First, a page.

The Serious Fraud Office has “cases under active consideration” for deferred prosecution agreements, its director David Green told the Pinsent Masons Regulatory Conference on 23 October.
The first DPAs under the United Kingdom’s new scheme for settling corruption offences with corporates are awaited with intense interest. A panel at the recent University of Cambridge International Symposium on Economic Crime discussed some of the issues. By Esther Martin
“Certainly for the first few cases there is likely to be something of a Mexican standoff between the corporate defendant, the Serious Fraud Office and the judge… when nobody really wants to blink first.”
Tesco, the UK’s largest retailer, is under investigation by the Serious Fraud Office, it was announced today [29 October], following the company’s disclosure, last month, that it had overstated half-year profits by £250m, a figure since revised upwards to £263m.
The US, Germany, Britain and Switzerland are the only countries among 41 signatories to the Organisation for Economic Cooperation & Development’s (OECD) 1997 Anti-Bribery Convention to vigorously investigate and prosecute firms that bribe foreign officials.
Reported information security incidents rose 48% to 42.8 million globally over the year to late September, according to a Global State of Information Security Survey (GSISS) 2015 from global accountants PwC (PricewaterhouseCoopers).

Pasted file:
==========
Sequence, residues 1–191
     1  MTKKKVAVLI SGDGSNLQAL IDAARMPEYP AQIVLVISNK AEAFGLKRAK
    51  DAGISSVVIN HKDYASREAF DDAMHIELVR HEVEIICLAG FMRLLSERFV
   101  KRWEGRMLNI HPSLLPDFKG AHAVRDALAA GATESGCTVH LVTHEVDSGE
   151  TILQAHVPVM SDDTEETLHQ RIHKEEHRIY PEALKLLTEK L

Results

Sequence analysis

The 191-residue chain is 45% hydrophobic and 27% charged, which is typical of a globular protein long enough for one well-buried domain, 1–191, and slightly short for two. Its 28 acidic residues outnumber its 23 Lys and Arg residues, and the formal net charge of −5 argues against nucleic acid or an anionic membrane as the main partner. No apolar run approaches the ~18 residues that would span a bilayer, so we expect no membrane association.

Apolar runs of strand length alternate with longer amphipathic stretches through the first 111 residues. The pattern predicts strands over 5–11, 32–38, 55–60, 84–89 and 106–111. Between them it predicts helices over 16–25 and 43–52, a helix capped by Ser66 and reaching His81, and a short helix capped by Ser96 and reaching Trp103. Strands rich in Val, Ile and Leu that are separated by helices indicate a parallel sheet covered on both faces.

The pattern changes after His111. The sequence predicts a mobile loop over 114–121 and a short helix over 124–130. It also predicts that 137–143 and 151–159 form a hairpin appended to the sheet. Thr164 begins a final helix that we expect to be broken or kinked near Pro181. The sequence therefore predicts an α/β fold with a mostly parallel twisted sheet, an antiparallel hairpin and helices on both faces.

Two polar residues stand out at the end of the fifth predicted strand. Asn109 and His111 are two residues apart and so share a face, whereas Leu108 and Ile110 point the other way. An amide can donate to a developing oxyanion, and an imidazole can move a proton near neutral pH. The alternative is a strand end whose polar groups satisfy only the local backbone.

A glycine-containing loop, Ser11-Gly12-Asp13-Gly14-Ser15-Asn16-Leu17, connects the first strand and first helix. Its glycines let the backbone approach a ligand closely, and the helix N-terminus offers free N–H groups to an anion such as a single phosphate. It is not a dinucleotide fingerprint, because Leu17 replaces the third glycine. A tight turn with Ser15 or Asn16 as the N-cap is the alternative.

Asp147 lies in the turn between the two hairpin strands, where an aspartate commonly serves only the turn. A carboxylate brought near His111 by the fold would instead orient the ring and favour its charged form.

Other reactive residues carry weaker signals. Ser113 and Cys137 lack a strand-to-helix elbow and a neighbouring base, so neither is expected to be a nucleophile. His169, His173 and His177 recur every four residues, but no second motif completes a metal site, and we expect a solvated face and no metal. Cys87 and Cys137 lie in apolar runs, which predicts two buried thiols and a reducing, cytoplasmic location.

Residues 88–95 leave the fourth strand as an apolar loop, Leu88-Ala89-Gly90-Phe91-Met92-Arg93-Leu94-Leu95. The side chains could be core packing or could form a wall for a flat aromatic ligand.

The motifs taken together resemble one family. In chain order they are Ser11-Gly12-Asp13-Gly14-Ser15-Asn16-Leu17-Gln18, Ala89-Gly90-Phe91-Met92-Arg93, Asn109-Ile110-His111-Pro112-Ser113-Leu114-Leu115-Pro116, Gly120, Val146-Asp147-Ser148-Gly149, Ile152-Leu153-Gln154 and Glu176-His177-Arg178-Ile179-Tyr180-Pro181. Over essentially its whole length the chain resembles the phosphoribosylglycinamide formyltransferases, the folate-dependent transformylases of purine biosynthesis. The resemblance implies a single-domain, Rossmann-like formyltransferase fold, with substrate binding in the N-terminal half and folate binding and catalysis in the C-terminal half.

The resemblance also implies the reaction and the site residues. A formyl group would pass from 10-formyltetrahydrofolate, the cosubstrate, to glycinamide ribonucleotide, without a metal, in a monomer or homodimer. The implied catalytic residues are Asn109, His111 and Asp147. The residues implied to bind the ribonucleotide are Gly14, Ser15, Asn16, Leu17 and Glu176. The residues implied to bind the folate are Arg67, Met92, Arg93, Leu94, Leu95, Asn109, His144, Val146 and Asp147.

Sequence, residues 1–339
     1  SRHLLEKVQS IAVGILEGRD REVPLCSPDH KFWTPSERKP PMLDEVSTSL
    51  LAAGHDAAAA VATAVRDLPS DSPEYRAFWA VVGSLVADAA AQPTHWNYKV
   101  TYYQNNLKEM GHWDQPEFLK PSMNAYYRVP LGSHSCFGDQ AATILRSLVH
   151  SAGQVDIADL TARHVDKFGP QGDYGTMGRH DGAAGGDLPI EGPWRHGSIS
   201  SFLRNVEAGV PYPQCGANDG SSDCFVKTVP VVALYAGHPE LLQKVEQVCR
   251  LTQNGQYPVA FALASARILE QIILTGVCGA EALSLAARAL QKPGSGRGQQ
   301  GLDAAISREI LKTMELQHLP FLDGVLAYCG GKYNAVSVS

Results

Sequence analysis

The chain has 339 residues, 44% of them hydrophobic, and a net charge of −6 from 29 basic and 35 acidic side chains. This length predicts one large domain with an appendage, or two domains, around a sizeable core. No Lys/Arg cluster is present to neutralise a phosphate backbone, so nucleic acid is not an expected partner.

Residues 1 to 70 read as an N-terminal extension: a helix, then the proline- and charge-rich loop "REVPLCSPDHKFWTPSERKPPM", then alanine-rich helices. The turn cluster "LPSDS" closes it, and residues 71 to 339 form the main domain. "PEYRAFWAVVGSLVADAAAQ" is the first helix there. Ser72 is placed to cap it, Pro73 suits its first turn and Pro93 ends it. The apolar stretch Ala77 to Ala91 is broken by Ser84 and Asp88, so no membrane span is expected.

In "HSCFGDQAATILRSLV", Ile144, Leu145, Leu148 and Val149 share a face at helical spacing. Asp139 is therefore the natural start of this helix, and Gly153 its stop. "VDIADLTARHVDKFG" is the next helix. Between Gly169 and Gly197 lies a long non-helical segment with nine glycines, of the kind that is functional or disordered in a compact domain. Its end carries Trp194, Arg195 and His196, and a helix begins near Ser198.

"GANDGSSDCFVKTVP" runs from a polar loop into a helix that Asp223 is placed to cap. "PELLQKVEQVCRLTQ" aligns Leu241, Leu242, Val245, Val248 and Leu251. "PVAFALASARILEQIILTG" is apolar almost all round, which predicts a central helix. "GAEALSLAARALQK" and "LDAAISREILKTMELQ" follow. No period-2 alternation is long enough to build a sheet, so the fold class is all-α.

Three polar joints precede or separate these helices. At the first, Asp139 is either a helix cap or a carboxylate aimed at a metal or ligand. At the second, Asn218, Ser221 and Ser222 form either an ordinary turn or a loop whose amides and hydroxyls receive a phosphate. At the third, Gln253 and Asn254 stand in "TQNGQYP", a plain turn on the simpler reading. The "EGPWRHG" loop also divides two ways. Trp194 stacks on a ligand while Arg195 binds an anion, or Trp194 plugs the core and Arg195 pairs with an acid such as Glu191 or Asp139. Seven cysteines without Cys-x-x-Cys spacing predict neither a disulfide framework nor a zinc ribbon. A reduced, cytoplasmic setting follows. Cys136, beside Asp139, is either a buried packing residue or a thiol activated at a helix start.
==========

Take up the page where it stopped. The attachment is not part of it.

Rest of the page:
Manoeuvres by the UK’s Home Office to take over the economic crime work carried out by the Serious Fraud Office (SFO) have been rebuffed by the attorney general in the House of Commons.
Fraud in the UK is on an upward trajectory, driven by the growth of online crime, City of London Police Commissioner Adrian Leppard told the London Fraud Forum on 9 October 2014: “I’m not sure what the answer is [but] it’s certainly not going to be through enforcement. It can only be through prevention and working with industry.”
A high-profile case of what the judge called “institutionalised corruption” concluded in recent months, as staff of chemical company Innospec learned their fates. Neil Swift, who acted for the cooperating defendant David Turner, analyses the sentences.
Remote banking fraud by criminals using online computer viruses and telephone ‘vishing’, in which victims are persuaded to disclose security details, soared 59% in the first half of 2014 to cost UK banks, businesses and individuals £35.9 million.
A new European Commission nominated to hold office for the next five years has been told by its incoming president that it must increase transparency and avoid any hint of sleaze.
A new Financial Crime Alerts Service (FCAS), warning banks about the latest financial crime and cyber threats, is to be launched by the British Bankers Association.
The technical complexity of many financial products and how they are traded, calls for a focussed approach from an investigator about where the money flows and the incentives at work. Rob Mason of FRA explores the data collection and analysis involved.
European Union (EU) national customs authorities uncovered more than 1,500 containers of undervalued imported goods between February and March 2014 in a joint operation, which was the first of its kind involving Chinese customs authorities.
Japanese electronics giant Hitachi is partnering with Barclays Bank to trial finger vein pattern scanning for Barclays’ UK business customers to access online accounts starting in 2015.